So hey, have you heard about these Arkham games starring Batman? It seems they are pretty popular, friends -- so popular, in fact, that in addition to there being four of them in the video game series, we are now getting a full-length animated movie based on the Arkham Games in which Kevin Conroy reprises his role as Batman. It's called Batman: Assault on Arkham and will see Batman take on the Joker and his plot to detonate a dirty bomb in Gotham City.
Unlike the games, though, Batman won't be a solo act in this mission, as he's joined by Task Force X, better known to comic book fans as the Suicide Squad.
If you watched Arrow's Suicide Squad episode two weeks ago, you may have noticed the brief, very silly, silhouetted cameo of a familiar-seeming character in pigtails.
Thanks to actor Michael Rowe, who plays Deadshot on the show, fans can now know what Harley Quinn, as portrayed by actress Cassidy Alexa, looked like out in the light. That's right, folks, they put her in the makeup and everything. Check out Rowe's Instagram snap after the jump.
The CW’s superhero series Arrowre-imagines Green Arrow for a TV audience as a tough, often ruthless vigilante bent on setting things right in his home of Starling City by punishing the wicked. ComicsAlliance’s Matt Wilson will be following along to see how he fares.
This week, a certain unit that's more of a squad makes its TV debut, Ollie turns to Russian mobsters for help, and Dig gets involved in a moral quandary.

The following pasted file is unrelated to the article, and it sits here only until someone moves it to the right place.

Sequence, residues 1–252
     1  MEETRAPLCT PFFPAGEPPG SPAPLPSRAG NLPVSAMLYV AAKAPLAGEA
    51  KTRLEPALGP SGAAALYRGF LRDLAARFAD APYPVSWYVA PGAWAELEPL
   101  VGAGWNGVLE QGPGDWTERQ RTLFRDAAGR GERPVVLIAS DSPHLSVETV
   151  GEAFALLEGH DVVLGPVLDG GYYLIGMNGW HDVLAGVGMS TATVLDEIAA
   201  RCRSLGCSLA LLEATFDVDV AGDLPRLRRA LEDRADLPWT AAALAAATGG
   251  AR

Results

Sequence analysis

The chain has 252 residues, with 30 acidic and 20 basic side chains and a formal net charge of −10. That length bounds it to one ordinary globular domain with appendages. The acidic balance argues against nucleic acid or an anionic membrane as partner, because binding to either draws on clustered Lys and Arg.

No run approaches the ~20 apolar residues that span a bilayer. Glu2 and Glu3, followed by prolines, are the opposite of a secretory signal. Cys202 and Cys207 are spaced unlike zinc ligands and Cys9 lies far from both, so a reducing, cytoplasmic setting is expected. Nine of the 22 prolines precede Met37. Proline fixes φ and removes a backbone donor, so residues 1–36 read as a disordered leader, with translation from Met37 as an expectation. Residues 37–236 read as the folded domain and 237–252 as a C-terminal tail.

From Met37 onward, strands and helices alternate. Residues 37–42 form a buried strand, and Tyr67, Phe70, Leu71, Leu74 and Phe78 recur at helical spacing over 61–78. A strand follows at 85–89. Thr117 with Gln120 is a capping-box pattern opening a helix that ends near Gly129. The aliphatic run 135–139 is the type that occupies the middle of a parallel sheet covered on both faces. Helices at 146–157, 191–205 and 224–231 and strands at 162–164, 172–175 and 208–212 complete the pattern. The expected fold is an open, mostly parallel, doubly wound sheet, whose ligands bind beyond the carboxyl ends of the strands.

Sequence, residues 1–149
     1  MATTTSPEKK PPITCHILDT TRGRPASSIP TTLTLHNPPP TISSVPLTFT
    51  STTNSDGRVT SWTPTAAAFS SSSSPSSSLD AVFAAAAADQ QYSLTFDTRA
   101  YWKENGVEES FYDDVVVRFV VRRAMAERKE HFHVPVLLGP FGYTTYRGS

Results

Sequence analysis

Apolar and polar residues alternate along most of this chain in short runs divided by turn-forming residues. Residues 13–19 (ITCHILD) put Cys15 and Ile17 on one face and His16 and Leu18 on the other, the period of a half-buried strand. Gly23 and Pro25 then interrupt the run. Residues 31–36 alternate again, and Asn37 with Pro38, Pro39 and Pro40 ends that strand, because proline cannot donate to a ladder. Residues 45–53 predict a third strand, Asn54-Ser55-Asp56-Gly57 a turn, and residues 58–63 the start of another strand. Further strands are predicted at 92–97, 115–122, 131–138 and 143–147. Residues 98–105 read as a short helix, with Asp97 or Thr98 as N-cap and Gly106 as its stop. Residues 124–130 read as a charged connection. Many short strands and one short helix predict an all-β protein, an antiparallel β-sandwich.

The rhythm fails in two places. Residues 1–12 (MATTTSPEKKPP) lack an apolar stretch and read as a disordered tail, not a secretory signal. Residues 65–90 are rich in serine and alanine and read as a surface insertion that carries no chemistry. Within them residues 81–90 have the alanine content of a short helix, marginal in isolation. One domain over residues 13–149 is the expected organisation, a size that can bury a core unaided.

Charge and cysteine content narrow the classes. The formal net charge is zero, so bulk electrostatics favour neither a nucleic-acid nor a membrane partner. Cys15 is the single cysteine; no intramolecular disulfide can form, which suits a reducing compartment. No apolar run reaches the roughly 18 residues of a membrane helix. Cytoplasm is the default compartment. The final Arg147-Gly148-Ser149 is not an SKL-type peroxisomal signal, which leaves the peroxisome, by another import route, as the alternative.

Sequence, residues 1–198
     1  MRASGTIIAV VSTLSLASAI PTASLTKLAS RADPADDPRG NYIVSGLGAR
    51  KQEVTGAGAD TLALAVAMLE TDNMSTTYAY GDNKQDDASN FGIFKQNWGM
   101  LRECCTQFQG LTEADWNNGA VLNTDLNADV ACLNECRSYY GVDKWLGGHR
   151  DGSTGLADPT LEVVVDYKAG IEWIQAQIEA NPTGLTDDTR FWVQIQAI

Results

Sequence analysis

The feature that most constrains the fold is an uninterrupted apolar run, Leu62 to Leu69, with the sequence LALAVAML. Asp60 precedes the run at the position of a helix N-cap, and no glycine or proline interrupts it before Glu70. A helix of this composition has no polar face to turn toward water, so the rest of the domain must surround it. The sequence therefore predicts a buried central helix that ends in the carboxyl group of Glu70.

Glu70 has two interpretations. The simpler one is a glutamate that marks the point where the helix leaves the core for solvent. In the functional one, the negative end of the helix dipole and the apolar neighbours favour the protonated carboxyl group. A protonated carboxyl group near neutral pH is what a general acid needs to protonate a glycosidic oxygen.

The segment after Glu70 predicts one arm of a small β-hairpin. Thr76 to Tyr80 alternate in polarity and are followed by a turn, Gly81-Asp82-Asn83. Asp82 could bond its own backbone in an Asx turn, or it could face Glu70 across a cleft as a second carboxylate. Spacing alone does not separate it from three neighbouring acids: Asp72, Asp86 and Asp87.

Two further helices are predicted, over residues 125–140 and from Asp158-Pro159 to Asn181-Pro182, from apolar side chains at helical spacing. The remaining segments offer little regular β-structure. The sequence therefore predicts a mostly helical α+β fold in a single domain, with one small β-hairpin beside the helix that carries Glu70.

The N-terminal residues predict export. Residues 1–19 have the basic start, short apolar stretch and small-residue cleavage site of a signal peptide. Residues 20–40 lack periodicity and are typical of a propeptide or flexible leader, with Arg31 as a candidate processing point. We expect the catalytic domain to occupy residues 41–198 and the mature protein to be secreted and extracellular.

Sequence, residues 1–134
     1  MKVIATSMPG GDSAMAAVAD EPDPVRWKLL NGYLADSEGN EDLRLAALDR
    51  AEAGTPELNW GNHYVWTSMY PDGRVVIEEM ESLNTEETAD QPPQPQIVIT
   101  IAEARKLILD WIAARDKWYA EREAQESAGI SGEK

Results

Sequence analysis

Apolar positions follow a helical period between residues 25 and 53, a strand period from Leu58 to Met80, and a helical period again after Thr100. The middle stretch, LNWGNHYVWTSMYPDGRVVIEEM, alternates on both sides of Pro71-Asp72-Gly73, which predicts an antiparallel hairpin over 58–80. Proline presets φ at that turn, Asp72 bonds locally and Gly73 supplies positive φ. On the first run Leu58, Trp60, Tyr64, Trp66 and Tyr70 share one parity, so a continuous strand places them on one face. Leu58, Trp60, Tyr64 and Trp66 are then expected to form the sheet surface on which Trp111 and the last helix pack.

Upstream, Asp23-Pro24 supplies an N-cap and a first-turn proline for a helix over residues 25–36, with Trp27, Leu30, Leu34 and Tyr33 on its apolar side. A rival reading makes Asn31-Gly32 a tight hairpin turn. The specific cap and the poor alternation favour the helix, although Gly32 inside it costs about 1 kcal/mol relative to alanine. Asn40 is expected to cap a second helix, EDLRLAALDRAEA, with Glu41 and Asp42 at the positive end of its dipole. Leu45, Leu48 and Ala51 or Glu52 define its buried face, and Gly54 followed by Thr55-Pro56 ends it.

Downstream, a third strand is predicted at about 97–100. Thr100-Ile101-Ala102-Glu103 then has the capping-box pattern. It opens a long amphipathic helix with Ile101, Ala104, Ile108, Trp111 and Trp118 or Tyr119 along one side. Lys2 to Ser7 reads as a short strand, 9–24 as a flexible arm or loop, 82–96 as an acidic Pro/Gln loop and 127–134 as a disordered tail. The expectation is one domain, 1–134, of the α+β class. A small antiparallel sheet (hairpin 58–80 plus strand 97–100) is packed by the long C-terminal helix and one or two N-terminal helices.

Of all the redesigns that took place for DC's "New 52" relaunch, the one that was most disappointing to the staff of ComicsAlliance was undoubtedly the one that hit Amanda Waller. Rather than the short, stout, and impossibly tough woman who appeared in the pages of John Ostrander, Kim Yale and Luke McDonnell's Suicide Squad, the redesigned Waller was young, slim and sexy. She was, in other words, just like every other "idealized" body type in superhero comics, and lost a bit of what made her unique.
Well, it seems our disappointment has found us in good company, alongside no less than Ostrander himself. In a column at ComicMix that went up this week, the writer expressed both a love of the character he shaped for over 60 issues, and a dismay at how the character's redesign conflicts with his original intent.